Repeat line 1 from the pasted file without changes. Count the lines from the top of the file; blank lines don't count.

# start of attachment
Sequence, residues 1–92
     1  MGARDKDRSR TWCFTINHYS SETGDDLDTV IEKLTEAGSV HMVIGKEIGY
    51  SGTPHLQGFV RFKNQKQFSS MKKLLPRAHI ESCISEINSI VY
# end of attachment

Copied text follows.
Sequence, residues 1–92